Though I didn’t know it at the time, the year I joined the track team in seventh grade was the year I learned a major business lesson.
I didn’t like running, or exercising outside in the blazing sun, so I really don’t know why I dedicated one spring to mastering the long jump. Well, attempting the long jump is the truer statement. During practice, not only did we work on perfecting our craft of jumping, we also joined athletes from other events in basic running drills, one being some variety of a 200 meter or 400 meter run. I hated it. As the coach yelled “GO!” we’d take off running down the oval track, with the only thing to gaze upon being the corner in front of you and any runners outpacing your efforts. Neither one give much indication of how you’re actually doing mid race and not knowing how to pace myself, I probably started off a little too strong. A key indicator was the excessive sucking of air and slowing down of my already mediocre stride almost immediately. It would take me 22 more years before understanding the presumed fairy tale called “runner’s high”.
With reddening face and burning lungs, I’d round one bend, then the next praying it would soon end. And each step, I gained a new found respect for Olympians who chose this sport because they thought it was fun.
Finally, I’d reach the last bend and almost magically, an energy I didn’t know had sprung up inside. Oh joy! Happy Day! The finish line was now in sight! I wasn’t aware there was anything extra in the tank, but somehow, my legs began moving at a faster clip. Who knew?!?! At times, I’d even pass a fellow runner or Coach would remark, “Way to finish strong, Simpson!” Honestly, it wasn’t a strong finish I was after; only the motivation to stop this torture as quickly as possible. And the trigger that kicked me into higher gear, every dang time, was laying eyes upon the finish line.
Seventh grade track taught me how to finish.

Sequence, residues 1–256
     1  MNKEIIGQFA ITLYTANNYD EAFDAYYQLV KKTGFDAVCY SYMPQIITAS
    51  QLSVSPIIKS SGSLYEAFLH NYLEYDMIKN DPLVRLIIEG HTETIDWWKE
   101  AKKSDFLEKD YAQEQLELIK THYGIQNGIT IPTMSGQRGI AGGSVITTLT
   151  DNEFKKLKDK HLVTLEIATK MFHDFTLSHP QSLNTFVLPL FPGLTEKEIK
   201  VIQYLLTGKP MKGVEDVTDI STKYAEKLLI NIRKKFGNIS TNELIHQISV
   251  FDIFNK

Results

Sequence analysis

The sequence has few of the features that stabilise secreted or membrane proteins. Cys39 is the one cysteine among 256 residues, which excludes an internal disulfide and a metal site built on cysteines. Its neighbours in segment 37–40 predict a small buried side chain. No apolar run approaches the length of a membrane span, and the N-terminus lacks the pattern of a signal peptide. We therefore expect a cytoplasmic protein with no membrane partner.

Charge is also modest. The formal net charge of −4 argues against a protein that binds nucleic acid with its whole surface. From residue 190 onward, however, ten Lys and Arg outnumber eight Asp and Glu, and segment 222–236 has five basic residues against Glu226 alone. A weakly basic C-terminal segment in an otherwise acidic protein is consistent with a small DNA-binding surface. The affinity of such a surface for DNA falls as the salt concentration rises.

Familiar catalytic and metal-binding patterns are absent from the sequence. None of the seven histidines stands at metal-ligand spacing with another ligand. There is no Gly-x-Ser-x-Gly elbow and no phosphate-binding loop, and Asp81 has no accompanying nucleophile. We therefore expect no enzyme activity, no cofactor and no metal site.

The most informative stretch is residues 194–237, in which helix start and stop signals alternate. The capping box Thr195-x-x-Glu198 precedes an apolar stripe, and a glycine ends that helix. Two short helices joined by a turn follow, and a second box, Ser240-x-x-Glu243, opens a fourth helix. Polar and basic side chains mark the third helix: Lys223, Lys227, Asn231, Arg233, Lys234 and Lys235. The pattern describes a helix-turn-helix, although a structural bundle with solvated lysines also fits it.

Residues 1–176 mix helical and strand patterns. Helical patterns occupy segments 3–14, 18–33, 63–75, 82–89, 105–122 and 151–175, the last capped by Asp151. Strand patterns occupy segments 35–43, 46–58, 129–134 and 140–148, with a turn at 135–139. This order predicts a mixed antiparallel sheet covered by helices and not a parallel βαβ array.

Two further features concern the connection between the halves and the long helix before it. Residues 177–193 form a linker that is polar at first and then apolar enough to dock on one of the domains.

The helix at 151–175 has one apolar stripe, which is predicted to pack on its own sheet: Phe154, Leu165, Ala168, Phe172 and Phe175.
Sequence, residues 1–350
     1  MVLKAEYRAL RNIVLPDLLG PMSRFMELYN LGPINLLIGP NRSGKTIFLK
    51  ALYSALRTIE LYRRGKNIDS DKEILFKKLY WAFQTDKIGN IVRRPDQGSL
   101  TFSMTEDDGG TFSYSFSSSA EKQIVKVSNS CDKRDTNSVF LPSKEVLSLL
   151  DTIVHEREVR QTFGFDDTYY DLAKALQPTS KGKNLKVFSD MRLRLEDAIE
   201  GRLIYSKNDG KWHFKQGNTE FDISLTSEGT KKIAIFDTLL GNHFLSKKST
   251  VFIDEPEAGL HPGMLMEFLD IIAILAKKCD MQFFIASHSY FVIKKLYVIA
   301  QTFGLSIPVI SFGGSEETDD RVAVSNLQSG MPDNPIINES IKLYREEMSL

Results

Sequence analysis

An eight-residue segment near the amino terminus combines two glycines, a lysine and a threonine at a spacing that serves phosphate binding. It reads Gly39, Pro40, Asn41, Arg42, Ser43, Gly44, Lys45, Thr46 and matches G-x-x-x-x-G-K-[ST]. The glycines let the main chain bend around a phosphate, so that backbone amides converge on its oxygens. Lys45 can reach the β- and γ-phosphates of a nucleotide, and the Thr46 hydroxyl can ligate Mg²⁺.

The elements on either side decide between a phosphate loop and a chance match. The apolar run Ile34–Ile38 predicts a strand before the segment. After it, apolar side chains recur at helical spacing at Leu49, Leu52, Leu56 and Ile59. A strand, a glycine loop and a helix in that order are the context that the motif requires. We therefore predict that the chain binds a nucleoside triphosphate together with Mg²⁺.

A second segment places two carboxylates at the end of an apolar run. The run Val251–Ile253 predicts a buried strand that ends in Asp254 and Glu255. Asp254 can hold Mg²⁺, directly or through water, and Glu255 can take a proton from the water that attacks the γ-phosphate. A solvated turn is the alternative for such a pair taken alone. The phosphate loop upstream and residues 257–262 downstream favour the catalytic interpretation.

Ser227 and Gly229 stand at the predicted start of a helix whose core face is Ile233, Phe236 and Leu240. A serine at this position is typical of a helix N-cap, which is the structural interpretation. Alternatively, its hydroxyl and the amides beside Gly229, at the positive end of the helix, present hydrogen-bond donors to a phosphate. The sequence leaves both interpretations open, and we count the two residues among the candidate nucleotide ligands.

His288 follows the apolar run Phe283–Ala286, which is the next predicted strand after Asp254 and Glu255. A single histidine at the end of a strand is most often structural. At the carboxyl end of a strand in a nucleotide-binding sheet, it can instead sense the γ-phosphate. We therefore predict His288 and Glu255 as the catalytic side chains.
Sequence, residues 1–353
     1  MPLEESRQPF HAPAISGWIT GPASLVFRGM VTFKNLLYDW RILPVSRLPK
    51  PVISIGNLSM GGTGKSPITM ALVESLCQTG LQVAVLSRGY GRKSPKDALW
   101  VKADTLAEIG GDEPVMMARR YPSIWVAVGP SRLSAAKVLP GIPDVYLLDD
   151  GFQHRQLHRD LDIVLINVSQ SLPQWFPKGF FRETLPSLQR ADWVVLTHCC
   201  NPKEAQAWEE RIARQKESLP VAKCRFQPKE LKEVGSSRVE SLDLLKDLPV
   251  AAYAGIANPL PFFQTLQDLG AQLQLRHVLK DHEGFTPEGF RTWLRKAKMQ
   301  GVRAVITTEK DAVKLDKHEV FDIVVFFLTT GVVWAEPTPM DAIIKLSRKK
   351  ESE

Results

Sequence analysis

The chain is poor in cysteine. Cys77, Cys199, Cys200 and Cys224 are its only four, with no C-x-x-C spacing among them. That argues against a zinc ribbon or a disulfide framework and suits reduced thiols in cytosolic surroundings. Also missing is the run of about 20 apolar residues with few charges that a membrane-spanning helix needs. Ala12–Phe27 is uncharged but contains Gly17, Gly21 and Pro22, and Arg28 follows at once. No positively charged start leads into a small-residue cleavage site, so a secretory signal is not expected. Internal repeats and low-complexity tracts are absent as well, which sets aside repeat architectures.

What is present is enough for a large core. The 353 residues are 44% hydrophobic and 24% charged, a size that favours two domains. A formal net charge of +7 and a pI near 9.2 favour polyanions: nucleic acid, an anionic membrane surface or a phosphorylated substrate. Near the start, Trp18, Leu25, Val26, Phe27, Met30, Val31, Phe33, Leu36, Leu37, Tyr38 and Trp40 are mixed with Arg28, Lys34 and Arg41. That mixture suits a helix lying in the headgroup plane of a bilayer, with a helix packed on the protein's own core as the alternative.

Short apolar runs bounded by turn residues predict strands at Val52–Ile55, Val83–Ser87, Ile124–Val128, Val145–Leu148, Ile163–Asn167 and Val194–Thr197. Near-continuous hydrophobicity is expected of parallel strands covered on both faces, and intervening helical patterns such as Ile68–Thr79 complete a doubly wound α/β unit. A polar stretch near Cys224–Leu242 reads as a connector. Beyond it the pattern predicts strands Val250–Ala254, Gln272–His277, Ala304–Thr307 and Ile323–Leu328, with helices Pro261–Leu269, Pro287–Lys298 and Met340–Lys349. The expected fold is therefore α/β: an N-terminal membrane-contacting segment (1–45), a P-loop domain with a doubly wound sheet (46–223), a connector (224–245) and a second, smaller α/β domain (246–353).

Years later, I’d experience this in the business realm. First on small scales, whether closing a large sale or meeting a quarterly consistency goal. Then it became bigger. There were promotions to earn and leaders to raise up. As a business owner, it was a necessary mental muscle I was developing. To identify the finish line, consistently plod toward it and when the marker indicated 25% left to go, get laser focused and no matter the distance required BRIDGE THAT GAP! There was no other option but success and to get it done or die trying.
This might be a new concept, or quite possibly it’s a practice you know incredibly well. Either way, we’re looking at the last 25% of the year and an opportunity presents itself. Have you checked in with those strategic goals or intentions you set at the beginning of the year? Do you know where you’re at? Likely, you’ll fall into one of the following scenarios:
1. You killed it! The goal’s already been surpassed and everything else is gravy. If this is the case, A-MAZ-ING! Have you celebrated? Seriously, honor this moment, its big! I’ve worked with quite a few clients who admit they forget to celebrate. When I encourage them to pause and honor the victory, a smile comes across their face, their body language changes and it’s evident they enjoy acknowledging their job well done.
2. You’re not there yet, but the goal is going to happen! You have blinders on and you’re locked in on crossing the finish line. It might be a stretch, but in your mind, the victory has been won, it’s now time to complete the work to make it a reality.
3. It isn’t going to happen. Maybe you gave up on the goal, maybe something is preventing it from being possible. No matter the circumstances, this is not a time to climb on the guilt wagon. We can’t change the past. And shame about the situation is truly just wasted energy. Give yourself a break and get over it so you can truly look at the next three months with the ability to move forward.
4. You don’t even remember the goal. Well, at least you’re being honest! It also says you weren’t really attached to whatever goal was set, so it wasn’t the right target for you. There is a better option; it just needs to be found.
If you’re landing in group #2, keep truckin’! However if you’re in #1, 3 or 4, this last bit is for you.
Three months is a significant portion of time! Enough time to complete projects, get clarity around a strategic plan or even create momentum for the New Year. If you were to begin a conversation on January 1st with, “I’ve had the most incredible last quarter?” what would have to happen for you to say that? How could you use this time wisely? And what position would you like to have as 2019 begins?
Decide and define your last quarter finish line. Break the goal down into monthly benchmarks and list the weekly or daily tasks necessary to keep on track. You can do anything for 90 days! This short term focus will get you practice crossing the finish line. Less important is the actual goal, more important is strengthening this muscle to build a habit of finishing. And, yes, it absolutely is a habit that can be built. Practice it a few times with simple things and you’ll be surprised how ready you are when the goal becomes larger. And, my guess is, you’ll enjoy the exhilaration of the win!